Have you read Michael Pollan’s The Omnivore’s Dilemma? I highly recommend it if you love food and cooking, but especially if you’re interested in the quality of your food, the circumstances under which it was produced, and understanding the benefits of eating locally, sustainably, and seasonally. Along the way, you’ll also gain an unsettling understanding of the intricacies of oil’s role in our lives and economy (let’s just say, the gas we pump into our cars is but the tip of the iceberg, ack), not to mention the perverted role corn has come to play in our diet. As the Washington Post’s Book World review put it:
In the United States, Pollan makes clear, we’re mostly fed by two things: corn and oil. We may not sit down to bowls of yummy petroleum, but almost everything we eat has used enormous amounts of fossil fuels to get to our tables. Oil products are part of the fertilizers that feed plants, the pesticides that keep insects away from them, the fuels used by the trains and trucks that transport them across the country, and the packaging in which they’re wrapped. We’re addicted to oil, and we really like to eat.
Oil underlines Pollan’s story about agribusiness, but corn is its focus. American cattle fatten on corn (that they can’t naturally digest well, requiring across-the-board antibiotic treatment to prevent intestinal infection – yeah, sometimes a little TMI). Corn also feeds poultry, pigs and sheep, even farmed fish. But that’s just the beginning. In addition to dairy products from corn-fed cows and eggs from corn-fed chickens, corn starch, corn oil and corn syrup make up key ingredients in prepared foods. High-fructose corn syrup sweetens everything from juice to toothpaste. Even the alcohol in beer is corn-based. Corn is in everything from frozen yogurt to ketchup, from mayonnaise and mustard to hot dogs and bologna, from salad dressings to vitamin pills. “Tell me what you eat,” said the French gastronomist Anthelme Brillat-Savarin, “and I will tell you what you are.” We’recorn.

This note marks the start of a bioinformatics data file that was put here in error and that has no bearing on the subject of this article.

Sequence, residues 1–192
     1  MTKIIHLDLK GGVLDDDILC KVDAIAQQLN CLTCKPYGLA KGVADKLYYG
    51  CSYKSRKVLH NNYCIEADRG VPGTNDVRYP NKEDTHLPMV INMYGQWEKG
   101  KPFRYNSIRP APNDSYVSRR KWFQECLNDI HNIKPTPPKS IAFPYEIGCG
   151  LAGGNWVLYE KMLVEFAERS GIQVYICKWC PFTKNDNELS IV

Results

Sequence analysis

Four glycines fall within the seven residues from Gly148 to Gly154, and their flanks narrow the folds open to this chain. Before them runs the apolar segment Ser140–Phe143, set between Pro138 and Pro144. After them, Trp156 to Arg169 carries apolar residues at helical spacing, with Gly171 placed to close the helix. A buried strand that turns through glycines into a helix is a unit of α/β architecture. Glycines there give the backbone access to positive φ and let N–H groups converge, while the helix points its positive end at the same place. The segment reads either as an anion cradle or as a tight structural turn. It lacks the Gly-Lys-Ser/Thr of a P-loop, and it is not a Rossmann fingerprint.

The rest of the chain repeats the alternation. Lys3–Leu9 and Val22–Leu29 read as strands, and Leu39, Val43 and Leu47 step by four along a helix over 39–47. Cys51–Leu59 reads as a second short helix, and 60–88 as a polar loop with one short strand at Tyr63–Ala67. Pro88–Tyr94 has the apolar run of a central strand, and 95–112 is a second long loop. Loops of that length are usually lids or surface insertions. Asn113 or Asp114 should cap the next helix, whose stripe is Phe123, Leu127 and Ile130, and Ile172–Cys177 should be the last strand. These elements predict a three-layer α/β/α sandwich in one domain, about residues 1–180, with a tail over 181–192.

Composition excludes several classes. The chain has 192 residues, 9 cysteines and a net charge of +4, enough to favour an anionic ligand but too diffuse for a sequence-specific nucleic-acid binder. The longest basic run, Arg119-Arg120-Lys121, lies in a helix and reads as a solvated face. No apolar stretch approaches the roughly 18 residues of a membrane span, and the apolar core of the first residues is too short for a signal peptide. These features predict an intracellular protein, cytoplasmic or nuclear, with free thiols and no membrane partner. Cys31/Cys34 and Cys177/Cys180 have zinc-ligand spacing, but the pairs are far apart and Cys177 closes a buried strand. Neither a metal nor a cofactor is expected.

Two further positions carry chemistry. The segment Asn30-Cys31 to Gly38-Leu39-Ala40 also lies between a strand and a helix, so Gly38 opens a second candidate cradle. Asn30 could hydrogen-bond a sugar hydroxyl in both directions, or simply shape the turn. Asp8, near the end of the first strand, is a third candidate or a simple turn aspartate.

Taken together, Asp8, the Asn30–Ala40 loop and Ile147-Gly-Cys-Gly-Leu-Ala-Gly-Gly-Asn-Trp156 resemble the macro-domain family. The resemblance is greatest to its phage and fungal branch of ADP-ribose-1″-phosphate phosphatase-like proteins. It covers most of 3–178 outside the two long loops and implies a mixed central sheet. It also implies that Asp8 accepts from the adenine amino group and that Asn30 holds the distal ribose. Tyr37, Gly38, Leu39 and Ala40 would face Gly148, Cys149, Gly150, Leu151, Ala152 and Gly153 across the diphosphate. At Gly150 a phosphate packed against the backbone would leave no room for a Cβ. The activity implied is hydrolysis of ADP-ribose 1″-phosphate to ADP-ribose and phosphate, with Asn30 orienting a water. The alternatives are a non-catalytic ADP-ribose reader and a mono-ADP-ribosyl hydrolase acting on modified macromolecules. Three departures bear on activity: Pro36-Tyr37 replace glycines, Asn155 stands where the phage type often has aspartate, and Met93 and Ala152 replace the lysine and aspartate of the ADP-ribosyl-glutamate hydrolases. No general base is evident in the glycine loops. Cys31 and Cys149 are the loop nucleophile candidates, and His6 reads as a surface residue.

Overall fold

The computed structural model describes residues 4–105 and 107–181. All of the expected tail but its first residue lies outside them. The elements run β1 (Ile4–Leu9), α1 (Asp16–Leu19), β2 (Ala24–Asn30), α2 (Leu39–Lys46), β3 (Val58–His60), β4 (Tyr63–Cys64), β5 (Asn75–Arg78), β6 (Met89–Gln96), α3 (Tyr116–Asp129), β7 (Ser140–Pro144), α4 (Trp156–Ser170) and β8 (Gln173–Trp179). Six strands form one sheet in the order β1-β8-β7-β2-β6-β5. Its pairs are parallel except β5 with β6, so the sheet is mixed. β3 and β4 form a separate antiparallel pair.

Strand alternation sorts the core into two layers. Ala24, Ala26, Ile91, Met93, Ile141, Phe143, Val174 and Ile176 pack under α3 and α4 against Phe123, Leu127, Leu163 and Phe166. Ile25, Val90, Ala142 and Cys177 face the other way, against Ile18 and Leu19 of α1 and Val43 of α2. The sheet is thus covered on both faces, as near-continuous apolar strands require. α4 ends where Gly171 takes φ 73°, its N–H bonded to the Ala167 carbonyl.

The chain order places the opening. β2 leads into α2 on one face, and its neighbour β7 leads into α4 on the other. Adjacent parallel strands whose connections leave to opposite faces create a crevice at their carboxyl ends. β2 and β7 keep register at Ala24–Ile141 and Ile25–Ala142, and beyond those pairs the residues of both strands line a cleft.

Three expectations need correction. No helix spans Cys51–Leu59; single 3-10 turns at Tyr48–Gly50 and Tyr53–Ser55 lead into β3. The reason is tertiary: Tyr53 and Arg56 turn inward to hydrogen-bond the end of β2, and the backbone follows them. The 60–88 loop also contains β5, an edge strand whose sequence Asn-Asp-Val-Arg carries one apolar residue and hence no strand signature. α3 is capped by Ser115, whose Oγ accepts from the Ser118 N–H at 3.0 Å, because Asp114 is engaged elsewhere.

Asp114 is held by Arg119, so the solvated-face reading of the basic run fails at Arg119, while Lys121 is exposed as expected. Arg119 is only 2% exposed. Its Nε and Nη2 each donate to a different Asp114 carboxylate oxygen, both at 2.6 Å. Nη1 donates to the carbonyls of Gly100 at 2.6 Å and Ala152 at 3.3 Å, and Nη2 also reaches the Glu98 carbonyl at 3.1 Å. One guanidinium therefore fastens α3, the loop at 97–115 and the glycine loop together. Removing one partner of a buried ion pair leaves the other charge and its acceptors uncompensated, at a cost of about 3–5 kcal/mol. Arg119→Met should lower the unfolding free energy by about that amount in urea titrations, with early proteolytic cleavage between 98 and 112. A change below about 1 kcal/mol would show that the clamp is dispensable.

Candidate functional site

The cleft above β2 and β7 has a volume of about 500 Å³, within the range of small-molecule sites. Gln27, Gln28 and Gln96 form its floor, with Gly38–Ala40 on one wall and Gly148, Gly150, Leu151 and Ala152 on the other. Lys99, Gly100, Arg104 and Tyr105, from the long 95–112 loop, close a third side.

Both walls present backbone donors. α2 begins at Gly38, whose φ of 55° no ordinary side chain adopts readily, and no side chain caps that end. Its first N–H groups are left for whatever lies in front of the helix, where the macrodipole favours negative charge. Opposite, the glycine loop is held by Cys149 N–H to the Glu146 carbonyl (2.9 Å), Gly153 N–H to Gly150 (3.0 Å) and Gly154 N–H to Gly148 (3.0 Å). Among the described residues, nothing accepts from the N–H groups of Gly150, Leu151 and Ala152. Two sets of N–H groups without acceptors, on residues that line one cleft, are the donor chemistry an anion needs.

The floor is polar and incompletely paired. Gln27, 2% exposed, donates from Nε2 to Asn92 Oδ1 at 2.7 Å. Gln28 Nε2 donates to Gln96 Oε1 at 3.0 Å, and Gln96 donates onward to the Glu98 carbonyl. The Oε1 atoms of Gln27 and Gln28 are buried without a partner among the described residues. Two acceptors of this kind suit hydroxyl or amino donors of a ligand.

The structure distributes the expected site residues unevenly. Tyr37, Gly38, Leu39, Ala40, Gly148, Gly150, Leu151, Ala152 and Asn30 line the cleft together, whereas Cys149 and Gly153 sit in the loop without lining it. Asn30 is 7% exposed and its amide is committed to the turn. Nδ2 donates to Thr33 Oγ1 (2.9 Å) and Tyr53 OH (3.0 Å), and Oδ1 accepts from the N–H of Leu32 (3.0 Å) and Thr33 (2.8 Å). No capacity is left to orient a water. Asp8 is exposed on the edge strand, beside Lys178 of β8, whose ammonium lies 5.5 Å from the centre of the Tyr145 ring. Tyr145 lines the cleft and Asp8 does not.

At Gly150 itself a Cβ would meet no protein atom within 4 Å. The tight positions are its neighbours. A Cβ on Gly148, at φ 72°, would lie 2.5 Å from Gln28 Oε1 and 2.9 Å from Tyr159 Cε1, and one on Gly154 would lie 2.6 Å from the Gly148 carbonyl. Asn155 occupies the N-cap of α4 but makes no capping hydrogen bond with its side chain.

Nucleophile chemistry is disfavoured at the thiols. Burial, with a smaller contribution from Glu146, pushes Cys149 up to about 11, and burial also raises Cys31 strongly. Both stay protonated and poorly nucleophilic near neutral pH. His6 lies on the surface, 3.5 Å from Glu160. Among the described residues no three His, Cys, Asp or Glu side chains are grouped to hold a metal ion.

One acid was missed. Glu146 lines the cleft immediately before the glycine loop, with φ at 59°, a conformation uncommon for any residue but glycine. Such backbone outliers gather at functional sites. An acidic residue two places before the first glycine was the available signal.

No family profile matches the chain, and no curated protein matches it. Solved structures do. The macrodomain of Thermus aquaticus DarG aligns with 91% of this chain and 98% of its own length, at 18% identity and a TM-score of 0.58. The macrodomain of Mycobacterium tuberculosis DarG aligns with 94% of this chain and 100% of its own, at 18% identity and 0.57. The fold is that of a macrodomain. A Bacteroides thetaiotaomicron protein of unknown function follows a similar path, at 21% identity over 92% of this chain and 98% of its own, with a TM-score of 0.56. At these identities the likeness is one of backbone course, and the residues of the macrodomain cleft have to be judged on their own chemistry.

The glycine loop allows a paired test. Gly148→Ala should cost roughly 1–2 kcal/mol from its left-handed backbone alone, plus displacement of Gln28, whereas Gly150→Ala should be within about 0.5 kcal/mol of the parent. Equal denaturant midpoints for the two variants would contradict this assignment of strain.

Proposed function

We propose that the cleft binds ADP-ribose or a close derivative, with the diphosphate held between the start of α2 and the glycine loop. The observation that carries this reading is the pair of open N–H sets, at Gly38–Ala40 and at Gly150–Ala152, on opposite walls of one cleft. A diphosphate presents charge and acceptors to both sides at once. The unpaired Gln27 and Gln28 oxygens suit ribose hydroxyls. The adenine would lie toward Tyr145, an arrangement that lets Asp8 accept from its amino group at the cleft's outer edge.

The whole book isn’t that depressing, however; in fact, it’s quite funny and full of good information, ideas, and resources for feeding yourself and your families more wholesome, nutritious foods. The first step – cook most of your own meals with fresh ingredients (which means, obviously, forgoing fast and packaged foods as much as possible). Check! That’s what this blog is all about! Whew…
Other steps require more effort, but are interesting – basically, track down resources for locally, sustainably grown foods. Buying a CSA share is one way (and I did that before I read this book, ha, because it was available in my neighborhood and I love homegrown veggies). Shopping at a farmer’s market is another. Eating at restaurants that feature locally grown produce is yet another – any of the salads or veggies at Lucia’s in Minneapolis will convince you pretty quickly why it’s worth it…they’re all fabulous. In fact, I’d bet that many food-lovers naturally do these things, and not because they’re motivated by worries about petroleum dependency, or even nutritional benefits, but because the food tastes so damn much better. That’s totally what has motivated me, I’m not afraid to say it (not to mention, I’d sound like a huge veal-and-foie-gras-eating-hypocrite if I said otherwise!). The other (albeit important!) benefits – icing on the cake, baby, icing on the cake. Mmmm…icing….
Hi Donna! I do need to eat Restaurant Alma again, I've only been once (!) and definitely need to go again, for just the reasons you've said. And you're right, using the freshest ingredients is unfortunately a luxury - I've heard the argument that the "cost" is less, in terms of overall cost to the environment, but that's all fine and good until it's money out of your own pocket. And at this point, it is less expensive to eat strawberries from Chile than strawberries from Minnesota - go figure. Until that changes - and it will, if you and I and others like us buy enough locally grown food to drive prices down - people need to buy the freshest foods they can afford, absolutely.
I found it most eye-opening, in the book, that very few farmers grow food they could actually eat themselves - most of our arable land is dedicated to corn and soybeans, which are turned into products and feed for the other foods we consume. Definitely unsettling...
As always, thanks for reading my blog! Good to hear from you!
Stephanie, I wrote you a long email about your blog today and I lost it!!! Uuurgh!
The short version......I enjoyed your entry today because I have read that book!!! I only know one other person who has. It is really scary when you think about the food "issues" we have in this country when we have so much.
I eat and shop organic and support chef-driven restaurants that use fresh organic ingredients as well. I just think it is a very healthy, interesting way to eat. I happen to be a tiny bit obsessed with food and cooking so using fresh organic ingredients is such a joy I just can't imagine doing it any other way. Although I do realize that I am blessed to be able to afford to shop that way.
Have you been to Restaurant Alma? Based on your list of Favorites I think you would really like it.